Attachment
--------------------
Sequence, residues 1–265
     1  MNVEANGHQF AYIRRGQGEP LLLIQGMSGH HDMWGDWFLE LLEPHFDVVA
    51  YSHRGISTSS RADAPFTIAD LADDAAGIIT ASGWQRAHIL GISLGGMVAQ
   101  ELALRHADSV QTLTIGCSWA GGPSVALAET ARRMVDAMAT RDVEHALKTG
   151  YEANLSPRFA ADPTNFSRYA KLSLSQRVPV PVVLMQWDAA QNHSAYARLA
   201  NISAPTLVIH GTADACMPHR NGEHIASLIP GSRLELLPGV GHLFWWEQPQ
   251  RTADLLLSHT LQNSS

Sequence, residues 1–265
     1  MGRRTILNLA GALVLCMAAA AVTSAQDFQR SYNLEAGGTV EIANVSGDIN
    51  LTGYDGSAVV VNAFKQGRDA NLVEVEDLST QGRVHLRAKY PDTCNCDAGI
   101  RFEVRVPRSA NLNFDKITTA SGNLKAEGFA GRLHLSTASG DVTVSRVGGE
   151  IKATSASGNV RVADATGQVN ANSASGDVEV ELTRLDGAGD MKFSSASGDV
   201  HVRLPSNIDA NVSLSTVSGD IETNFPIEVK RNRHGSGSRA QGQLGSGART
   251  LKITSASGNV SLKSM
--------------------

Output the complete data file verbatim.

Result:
Sequence, residues 1–265
     1  MNVEANGHQF AYIRRGQGEP LLLIQGMSGH HDMWGDWFLE LLEPHFDVVA
    51  YSHRGISTSS RADAPFTIAD LADDAAGIIT ASGWQRAHIL GISLGGMVAQ
   101  ELALRHADSV QTLTIGCSWA GGPSVALAET ARRMVDAMAT RDVEHALKTG
   151  YEANLSPRFA ADPTNFSRYA KLSLSQRVPV PVVLMQWDAA QNHSAYARLA
   201  NISAPTLVIH GTADACMPHR NGEHIASLIP GSRLELLPGV GHLFWWEQPQ
   251  RTADLLLSHT LQNSS

Sequence, residues 1–265
     1  MGRRTILNLA GALVLCMAAA AVTSAQDFQR SYNLEAGGTV EIANVSGDIN
    51  LTGYDGSAVV VNAFKQGRDA NLVEVEDLST QGRVHLRAKY PDTCNCDAGI
   101  RFEVRVPRSA NLNFDKITTA SGNLKAEGFA GRLHLSTASG DVTVSRVGGE
   151  IKATSASGNV RVADATGQVN ANSASGDVEV ELTRLDGAGD MKFSSASGDV
   201  HVRLPSNIDA NVSLSTVSGD IETNFPIEVK RNRHGSGSRA QGQLGSGART
   251  LKITSASGNV SLKSM